Background: Folate and its synthetic form folic acid function as donor of one-carbon units and have been, together with other B-vitamins, implicated in programming of epigenetic processes such as DNA methylation during early development. To what extent regulation of DNA methylation can be altered via B-vitamins later in life, and how this relates to health and disease, is not exactly known. The aim of this study was to identify effects of long-term supplementation with folic acid and vitamin B12 on genome-wide DNA methylation in elderly subjects. Results: After intervention with folic acid and vitamin B12, 162 (versus 14 in the placebo group) of the 431,312 positions were differentially methylated as compared to baseline. Comparisons of the DNA methylation changes in the participants receiving folic acid and vitamin B12 versus placebo revealed one single differentially methylated position (cg19380919) with a borderline statistical significance. However, based on the analyses of differentially methylated regions (DMRs) consisting of multiple positions, we identified 6 regions that differed statistically significantly between the intervention and placebo group. Pronounced changes were found for regions in the DIRAS3, ARMC8, and NODAL genes, implicated in carcinogenesis and early embryonic development. Conclusions: Long-term supplementation with folic acid and vitamin B12 in elderly subjects resulted in effects on DNA methylation of several genes, among which genes implicated in developmental processes.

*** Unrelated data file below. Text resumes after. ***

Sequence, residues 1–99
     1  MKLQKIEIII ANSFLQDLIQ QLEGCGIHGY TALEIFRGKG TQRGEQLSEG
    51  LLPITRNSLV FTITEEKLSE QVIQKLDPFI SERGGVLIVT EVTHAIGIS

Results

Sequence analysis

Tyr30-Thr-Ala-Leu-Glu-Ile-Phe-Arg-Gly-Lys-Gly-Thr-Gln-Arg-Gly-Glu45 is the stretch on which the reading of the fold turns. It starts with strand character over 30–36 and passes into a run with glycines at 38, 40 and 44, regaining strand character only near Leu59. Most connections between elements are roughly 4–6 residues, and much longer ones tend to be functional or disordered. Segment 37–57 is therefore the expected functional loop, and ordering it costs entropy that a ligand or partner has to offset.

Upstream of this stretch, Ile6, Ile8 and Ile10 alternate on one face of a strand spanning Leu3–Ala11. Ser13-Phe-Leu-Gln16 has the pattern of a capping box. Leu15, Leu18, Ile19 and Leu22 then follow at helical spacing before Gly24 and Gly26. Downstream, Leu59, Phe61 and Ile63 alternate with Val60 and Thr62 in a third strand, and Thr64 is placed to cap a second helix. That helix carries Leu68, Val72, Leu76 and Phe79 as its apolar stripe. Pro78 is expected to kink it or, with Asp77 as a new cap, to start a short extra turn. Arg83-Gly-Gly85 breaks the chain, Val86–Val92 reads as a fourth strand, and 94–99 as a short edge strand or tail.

B-vitamins, Cancer, Development, DNA methylation, Elderly, Epigenetics, Folic acid, Infinium 450k BeadChip, Intervention trial, One-carbon metabolism, Vitamin B12
dx.doi.org/10.1186/s13148-015-0154-5, hdl.handle.net/1765/85324
Clinical Epigenetics
Department of Clinical Chemistry

Kok, D.E.G, Dhonukshe-Rutten, R.A.M, Lute, C, Heil, S.G, Uitterlinden, A.G, van der Velde, N, … Steegenga, W.T. (2015). The effects of long-term daily folic acid and vitamin B12 supplementation on genome-wide DNA methylation in elderly subjects. Clinical Epigenetics, 7(1). doi:10.1186/s13148-015-0154-5